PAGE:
A guide for migrating from Windows XP to Windows 7 or Windows 8
More than 12 years after its release, Windows XP is at the end of its life, at least in terms of support. Microsoft has released a few operating systems since then but many organizations have stuck with XP. For one thing, Vista was as unpopular as XP is popular. Also, most older computers just don’t have the guts, hardware-wise, to run the newer Microsoft systems. Whatever the reasons, though, support is ending and if you’re running XP, you’re going to have to move, make some major changes or pay the price. To the rescue: Our guide to XP end of life and Windows 7 / Windows 8 migration.
Table of Contents
• What you need to know about Windows XP end of life
• What are the risks of putting off migration?
• Advice and tips on planning your migration
• The move: Migrating to Windows 7 or Windows 8
• After the dust settles
What you need to know about Windows XP end of life
Here’s what Microsoft will no longer be offering: “…no new security updates, non-security hotfixes, free or paid assisted support options, or online technical content updates.” Read on to see what all that might mean for your organization.
for Windows XP end of life
In this era of reduced budgets and staffing, you might have been putting off an operating system refresh -- but you can’t wait much longer. Here are four directions you can take.
to offer Windows XP antivirus updates past April 2014
Although Microsoft will still provide Windows XP antivirus updates until July 2015, that doesn’t mean that your system will be safe.
Windows XP support go: Why it’s time to start OS migration
In 2013, Gabe Knuth explained why most shops really needed to migrate. The situation has only gotten more urgent, of course.
to do next: Windows XP end of support
Support for Windows XP is ending, but there are thousands of applications that cannot be moved to a newer OS because they are incompatible. Here are a few options.
Windows XP end of life, choose VDI or migration
Even after the Windows XP end of support, many IT shops still use the OS. Virtual desktops and custom support can help, but is it time to bite the migration bullet?
What are the risks of putting off migration?
Despite ample and specific warning, many organizations are not planning to migrate. Read on to see what all that might mean for your organization.
Windows XP security updates ending, enterprises must plan ahead
What’s the potential of failing to move off Windows XP? Security experts from Sophos warn of the potential “XPocapypse.”
to migrate from XP could torpedo your business
What can you do to keep a secure Windows-based environment running, if your installed base (or any significant proportion of it) remains on XP?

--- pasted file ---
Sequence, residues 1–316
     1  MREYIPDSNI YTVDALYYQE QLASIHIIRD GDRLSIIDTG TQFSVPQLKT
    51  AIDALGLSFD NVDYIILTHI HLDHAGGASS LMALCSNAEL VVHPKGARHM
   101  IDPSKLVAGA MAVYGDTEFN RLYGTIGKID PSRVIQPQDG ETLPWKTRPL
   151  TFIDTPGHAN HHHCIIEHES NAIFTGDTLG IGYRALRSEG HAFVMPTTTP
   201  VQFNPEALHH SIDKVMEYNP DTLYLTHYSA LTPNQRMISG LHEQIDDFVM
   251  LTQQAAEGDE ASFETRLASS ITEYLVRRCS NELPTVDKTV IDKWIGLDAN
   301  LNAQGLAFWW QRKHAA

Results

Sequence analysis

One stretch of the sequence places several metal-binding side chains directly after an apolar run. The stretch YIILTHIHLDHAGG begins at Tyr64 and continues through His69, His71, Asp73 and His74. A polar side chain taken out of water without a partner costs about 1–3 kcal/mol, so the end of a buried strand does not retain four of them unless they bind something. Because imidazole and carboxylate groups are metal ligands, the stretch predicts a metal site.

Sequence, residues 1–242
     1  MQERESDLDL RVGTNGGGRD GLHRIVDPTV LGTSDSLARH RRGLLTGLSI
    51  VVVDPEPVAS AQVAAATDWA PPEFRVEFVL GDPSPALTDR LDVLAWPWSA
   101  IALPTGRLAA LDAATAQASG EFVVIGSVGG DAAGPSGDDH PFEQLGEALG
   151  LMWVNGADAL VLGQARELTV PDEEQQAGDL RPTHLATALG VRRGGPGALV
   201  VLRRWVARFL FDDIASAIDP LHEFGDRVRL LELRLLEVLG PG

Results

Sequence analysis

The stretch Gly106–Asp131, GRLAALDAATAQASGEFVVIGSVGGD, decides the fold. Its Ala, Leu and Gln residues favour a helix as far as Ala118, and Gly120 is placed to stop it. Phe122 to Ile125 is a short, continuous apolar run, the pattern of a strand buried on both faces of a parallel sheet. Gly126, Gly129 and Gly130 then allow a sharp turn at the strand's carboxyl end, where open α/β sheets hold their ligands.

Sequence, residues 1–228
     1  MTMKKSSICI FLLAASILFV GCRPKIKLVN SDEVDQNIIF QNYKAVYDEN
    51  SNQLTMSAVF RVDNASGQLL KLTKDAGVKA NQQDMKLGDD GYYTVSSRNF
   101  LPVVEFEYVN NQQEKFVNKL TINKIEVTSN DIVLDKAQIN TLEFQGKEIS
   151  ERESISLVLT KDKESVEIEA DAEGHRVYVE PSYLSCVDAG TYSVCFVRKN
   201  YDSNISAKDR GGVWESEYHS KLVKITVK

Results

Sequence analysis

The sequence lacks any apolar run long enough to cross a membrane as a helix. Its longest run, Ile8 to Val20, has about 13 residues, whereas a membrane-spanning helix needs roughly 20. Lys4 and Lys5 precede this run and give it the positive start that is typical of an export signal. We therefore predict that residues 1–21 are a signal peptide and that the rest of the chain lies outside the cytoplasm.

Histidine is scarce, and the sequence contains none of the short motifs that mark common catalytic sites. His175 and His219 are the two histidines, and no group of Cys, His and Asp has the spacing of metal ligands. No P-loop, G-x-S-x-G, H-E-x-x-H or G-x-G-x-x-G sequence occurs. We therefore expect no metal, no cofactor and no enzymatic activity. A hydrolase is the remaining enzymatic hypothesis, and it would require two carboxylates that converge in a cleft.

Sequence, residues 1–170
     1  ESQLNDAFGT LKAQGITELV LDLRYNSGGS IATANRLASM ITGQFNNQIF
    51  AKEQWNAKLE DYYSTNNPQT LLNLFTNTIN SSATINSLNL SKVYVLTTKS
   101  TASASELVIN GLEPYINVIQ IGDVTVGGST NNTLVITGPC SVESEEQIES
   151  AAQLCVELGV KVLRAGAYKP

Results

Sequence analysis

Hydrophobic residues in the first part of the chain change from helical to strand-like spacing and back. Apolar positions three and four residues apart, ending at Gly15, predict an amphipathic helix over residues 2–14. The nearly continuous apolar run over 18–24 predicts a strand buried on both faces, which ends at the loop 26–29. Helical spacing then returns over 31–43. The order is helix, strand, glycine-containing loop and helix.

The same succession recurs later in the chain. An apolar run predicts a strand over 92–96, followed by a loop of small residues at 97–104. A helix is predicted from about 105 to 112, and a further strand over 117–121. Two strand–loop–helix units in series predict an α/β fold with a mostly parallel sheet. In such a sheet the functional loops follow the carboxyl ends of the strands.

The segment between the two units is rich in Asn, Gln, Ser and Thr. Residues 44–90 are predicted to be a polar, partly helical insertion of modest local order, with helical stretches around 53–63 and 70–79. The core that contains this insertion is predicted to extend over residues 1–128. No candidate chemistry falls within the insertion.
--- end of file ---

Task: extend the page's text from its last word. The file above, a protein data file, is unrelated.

XP end of support: What are the risks for users?
If the projections are accurate, many enterprises will still be running XP-based systems after support ends – but doing so could prove to be risky business.
Windows XP end of life will affect your desktop applications
It’s not just the OS that will no longer be supported -- any software designed to run on XP will be unsupported as well. And you can be sure that hackers are readying malware to exploit unsupported XP systems and XP apps when support ends.
shops put off Windows XP migration to Windows 7, Windows 8
Some shops are lagging and that is likely to cause problems. For instance, bug fixes or security patches will no longer be available for Windows XP, which could make Windows XP desktops and laptops vulnerable to security threats.
not ready for Windows XP end of life could face compliance risks
The case for migration only grows more compelling: No support for software issues, increased security risks – and then there’s that little matter of regulatory compliance.
Windows XP end of life conflicts with PCI DSS requirement 6.2
The short story? If an organization continues to run the Windows XP operating system after its end of life, that organization will no longer be compliant with the Payment Card Industry Data Security Standard(PCI DSS).
will XP stalwarts go after the end of Windows XP support?
Despite the end of Microsoft's Windows XP support, many IT shops are sticking with the OS, and there are third-party options for security support.
Advice and tips on planning your migration
No one said it would be easy but careful planning can smooth the path. The first thing you need to know is if your systems are up to the task. Then see what your options are and plan your next moves.
FAQ: Windows 7
hardware requirements and compatibility
Windows expert Ed Tittel outlines Windows 7 hardware requirements and answers other frequently asked questions on Windows 7 compatibility. (Listen to the podcast or read the text version.)
XP upgrade planning: Preparing for Windows XP end of life
Organizations must start looking at improving protection for XP-based applications and devices while finalizing plans to move away from XP. Michael Cobb offers advice.
with Windows 7 migration, Windows 8 is too risky
According to Gartner, it’s wiser to migrate to Windows 7 rather than make the leap to Windows 8.
don't care if you upgrade to Windows 8